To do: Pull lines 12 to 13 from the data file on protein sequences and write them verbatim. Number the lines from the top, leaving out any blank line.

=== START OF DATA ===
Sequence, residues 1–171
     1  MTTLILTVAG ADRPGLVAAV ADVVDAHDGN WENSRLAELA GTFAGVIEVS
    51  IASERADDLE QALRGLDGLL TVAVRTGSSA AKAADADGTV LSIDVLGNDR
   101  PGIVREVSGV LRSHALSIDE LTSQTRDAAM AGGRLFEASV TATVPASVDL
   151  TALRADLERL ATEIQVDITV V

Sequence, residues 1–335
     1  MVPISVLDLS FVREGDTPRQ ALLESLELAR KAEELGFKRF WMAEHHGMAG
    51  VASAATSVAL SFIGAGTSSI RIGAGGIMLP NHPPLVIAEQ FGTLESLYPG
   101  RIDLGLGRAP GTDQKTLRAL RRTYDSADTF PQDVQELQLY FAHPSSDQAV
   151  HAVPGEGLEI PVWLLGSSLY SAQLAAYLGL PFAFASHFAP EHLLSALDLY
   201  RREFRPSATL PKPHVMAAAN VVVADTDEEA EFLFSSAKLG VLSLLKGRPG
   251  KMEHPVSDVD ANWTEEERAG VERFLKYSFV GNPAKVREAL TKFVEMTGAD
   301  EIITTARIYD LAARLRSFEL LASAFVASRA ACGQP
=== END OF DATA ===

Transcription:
   251  KMEHPVSDVD ANWTEEERAG VERFLKYSFV GNPAKVREAL TKFVEMTGAD
   301  EIITTARIYD LAARLRSFEL LASAFVASRA ACGQP